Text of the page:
In other words, the Moonjar in Choi Young Wook’s painting resembles the real one in terms of its look but at the same time, it is alsoan exploration into formal elements like lines or colors. This is the moment that the Moonjar as a traditional artwork converts into the one of Choi Young Wook’s style.

There is another layer in Choi Young Wook’s work as he says "my painting is of visualized memory." The ‘memory’ that he refers here is not of detailed recollection as to the Moonjar but the overall ambience. These memories are sublimated in company with formative elements of the Moonjar.

Choi Young Wook goes further from the lines and cracks in the pot to the extent of abstract or sometimes changes white jar to black. A black jar is in fact a darkness that has lost the Moonjar, resembling the last night of lunar month devoid of the moon. The Moonjar exists in between bright and dark, and the hairline cracks are the evidence or interference of time appeared on the surface of the jar.

In his artist’s note Choi Young Wook says "cracks and craze lines in ceramics are like diverse roads in life; divided, connected, similar, different, and joined all together." The line could be a silhouette of a jar or the crazes in the glaze. If you look into the very craze, you will find what Choi Young Wook says; "shackles, joys and sorrows of life, and a spirit that encompasses all of those." Therefore, Moonjar that he paintsis a metaphor or symbol of human beings’ and his life as well.

Every object is inevitably a sign of something. A ‘signified’ that constitutes sign with ‘signifier’ contains sentiment rather than simply indicates meanings. That is the aesthetic sensation in our minds aroused by the Moonjar. It woke Choi Young Wook up to paint images similar to the Moonjar on a canvas ranging from physical reproduction to abstract line drawings. Choi Young Wooktries to go beyond mere imitation of color and shape of the Moonjar and that is why he shows accumulation of abstract line drawings quoting In Hwa Mun and Gue Yal Mun. He paints Moonjar without painting it.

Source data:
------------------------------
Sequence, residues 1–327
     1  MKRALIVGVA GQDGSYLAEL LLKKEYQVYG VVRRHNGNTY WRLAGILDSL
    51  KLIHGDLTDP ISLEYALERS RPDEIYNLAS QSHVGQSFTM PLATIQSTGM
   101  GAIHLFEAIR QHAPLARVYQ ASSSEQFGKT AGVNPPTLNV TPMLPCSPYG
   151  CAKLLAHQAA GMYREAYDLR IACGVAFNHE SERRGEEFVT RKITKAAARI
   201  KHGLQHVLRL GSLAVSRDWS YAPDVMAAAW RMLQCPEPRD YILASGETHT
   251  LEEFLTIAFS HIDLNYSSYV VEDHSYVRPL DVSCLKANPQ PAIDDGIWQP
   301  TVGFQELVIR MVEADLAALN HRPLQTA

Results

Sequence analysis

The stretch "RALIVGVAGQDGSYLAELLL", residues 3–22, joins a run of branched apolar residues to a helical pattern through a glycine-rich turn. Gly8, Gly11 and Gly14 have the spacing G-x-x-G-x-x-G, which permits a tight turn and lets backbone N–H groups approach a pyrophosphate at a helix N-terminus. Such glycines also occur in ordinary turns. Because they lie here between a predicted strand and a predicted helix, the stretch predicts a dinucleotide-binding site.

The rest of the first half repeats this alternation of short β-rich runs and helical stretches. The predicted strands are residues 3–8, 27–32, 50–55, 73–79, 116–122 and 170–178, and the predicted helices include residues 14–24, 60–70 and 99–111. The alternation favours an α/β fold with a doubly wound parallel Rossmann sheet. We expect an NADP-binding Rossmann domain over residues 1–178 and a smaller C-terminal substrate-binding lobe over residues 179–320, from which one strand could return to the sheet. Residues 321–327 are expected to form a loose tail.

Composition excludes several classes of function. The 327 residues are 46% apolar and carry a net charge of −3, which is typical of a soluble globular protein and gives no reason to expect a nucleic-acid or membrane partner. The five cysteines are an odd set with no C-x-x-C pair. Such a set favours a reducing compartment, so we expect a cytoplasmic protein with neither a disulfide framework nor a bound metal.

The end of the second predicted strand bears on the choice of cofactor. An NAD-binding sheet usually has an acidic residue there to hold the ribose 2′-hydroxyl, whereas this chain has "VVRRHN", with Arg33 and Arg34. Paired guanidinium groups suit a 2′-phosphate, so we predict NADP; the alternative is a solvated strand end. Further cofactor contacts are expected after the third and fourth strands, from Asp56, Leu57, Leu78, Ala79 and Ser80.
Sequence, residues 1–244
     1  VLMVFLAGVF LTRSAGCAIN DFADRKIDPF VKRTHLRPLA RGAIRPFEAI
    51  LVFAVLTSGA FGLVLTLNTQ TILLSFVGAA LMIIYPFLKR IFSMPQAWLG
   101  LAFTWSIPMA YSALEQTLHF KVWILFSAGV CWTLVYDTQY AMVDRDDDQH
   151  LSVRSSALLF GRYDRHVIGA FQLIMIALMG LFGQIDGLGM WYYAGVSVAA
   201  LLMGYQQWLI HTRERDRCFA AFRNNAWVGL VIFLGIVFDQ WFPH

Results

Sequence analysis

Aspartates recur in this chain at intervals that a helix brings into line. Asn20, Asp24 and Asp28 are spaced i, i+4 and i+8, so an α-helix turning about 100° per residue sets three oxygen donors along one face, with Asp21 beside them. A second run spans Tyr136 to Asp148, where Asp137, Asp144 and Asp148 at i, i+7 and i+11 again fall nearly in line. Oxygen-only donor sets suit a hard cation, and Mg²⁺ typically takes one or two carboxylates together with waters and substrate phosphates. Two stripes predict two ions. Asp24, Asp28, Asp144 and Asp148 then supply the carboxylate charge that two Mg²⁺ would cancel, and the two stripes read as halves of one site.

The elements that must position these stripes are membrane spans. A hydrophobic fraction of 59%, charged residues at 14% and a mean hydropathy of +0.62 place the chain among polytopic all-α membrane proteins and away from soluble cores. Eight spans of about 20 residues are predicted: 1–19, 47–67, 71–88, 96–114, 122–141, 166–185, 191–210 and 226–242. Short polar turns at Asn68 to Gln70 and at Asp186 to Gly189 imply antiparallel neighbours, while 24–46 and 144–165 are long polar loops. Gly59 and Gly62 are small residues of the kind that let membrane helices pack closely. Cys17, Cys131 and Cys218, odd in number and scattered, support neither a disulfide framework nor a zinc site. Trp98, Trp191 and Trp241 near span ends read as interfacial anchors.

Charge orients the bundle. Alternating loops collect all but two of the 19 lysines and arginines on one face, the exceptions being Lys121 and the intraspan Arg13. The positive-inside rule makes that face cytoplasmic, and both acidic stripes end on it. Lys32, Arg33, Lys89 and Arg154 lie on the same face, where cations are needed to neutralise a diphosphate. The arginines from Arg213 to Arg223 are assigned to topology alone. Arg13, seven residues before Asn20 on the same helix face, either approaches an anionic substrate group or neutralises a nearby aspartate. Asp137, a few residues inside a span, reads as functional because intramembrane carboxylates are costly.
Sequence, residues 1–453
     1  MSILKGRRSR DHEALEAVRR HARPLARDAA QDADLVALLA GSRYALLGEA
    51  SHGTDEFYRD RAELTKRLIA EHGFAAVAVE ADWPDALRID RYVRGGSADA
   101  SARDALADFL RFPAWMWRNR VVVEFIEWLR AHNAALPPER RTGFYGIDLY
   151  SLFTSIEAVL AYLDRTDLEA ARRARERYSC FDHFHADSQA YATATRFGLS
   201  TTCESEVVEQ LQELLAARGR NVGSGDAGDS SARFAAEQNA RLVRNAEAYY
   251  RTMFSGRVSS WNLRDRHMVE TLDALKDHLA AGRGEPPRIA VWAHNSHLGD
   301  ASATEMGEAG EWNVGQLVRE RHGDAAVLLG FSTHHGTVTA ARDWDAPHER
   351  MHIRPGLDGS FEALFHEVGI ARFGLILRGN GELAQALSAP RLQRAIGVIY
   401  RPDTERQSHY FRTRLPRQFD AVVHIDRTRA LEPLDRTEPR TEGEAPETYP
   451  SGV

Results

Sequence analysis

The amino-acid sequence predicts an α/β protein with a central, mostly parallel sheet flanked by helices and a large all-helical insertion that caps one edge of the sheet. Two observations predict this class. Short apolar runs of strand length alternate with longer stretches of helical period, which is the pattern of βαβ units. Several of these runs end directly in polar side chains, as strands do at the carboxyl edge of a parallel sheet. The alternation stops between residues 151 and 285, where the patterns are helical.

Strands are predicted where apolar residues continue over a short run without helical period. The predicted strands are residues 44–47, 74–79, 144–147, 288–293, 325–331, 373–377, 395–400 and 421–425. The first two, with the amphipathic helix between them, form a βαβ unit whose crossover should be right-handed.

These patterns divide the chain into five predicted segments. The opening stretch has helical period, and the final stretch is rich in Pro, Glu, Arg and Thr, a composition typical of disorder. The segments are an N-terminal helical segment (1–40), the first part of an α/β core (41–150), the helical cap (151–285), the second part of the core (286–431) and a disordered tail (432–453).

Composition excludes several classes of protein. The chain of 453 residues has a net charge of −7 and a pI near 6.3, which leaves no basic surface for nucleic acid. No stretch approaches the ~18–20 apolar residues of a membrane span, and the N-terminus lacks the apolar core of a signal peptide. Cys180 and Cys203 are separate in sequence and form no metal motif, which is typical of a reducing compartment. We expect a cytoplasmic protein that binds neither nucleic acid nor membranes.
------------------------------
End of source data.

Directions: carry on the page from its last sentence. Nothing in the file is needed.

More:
Once Lao-tzu said, ‘what people use is not a body of vessel but the empty space of it.’ It is the same for the Moonjar. What we see and enjoy is the body of the Moonjar but what we makes use of is the inner empty space. The Moonjar that has no practical use is close to historic fine artwork and this is where Choi Young Wook’s language develops. This is a point of departure not arrival that he explores possibilities to formatively modify aesthetic practicality of Moonjar. Therefore, he wants his works to be a way of communication through Moonjar. That passage is an attempt to make a new relational place including past and present, or I and you. No artwork could be an answer to how detailed the effort would be, but definitely the Moonjar points toward that way.





Artist's Note
Images of Memory

My work visualises memories into images and it becomes the medium of communication.
Memories compose specific images, and it is through images that memories present themselves.
Based on what is within the boundary of perceptions and experiences (memories), certain intentions are tried out, emotions are expressed and subjects, materials and colour tones are selected; these make up certain images.
As a result, the images I portrayed are the recollections and stories of my life.
I am unfolding the stories of my life through my work.

However, those looking at my painting would draw out their own stories and memories from it. In this way, my own memories are linked to the others, and from this connection, the universal images of human beings are derived.
My life is ultimately composed from the relationship with others, thus it can be said that my work delivers the images of human beings in general.
Therefore, the viewing of my work is to silently explore the inside of me and simultaneously the inner realm of the viewer.
It is the process of reflecting on oneself, while searching for oneself.
In the course of trying to discover the self, the self becomes aware of the relationship with the others, bringing about a sense of communication.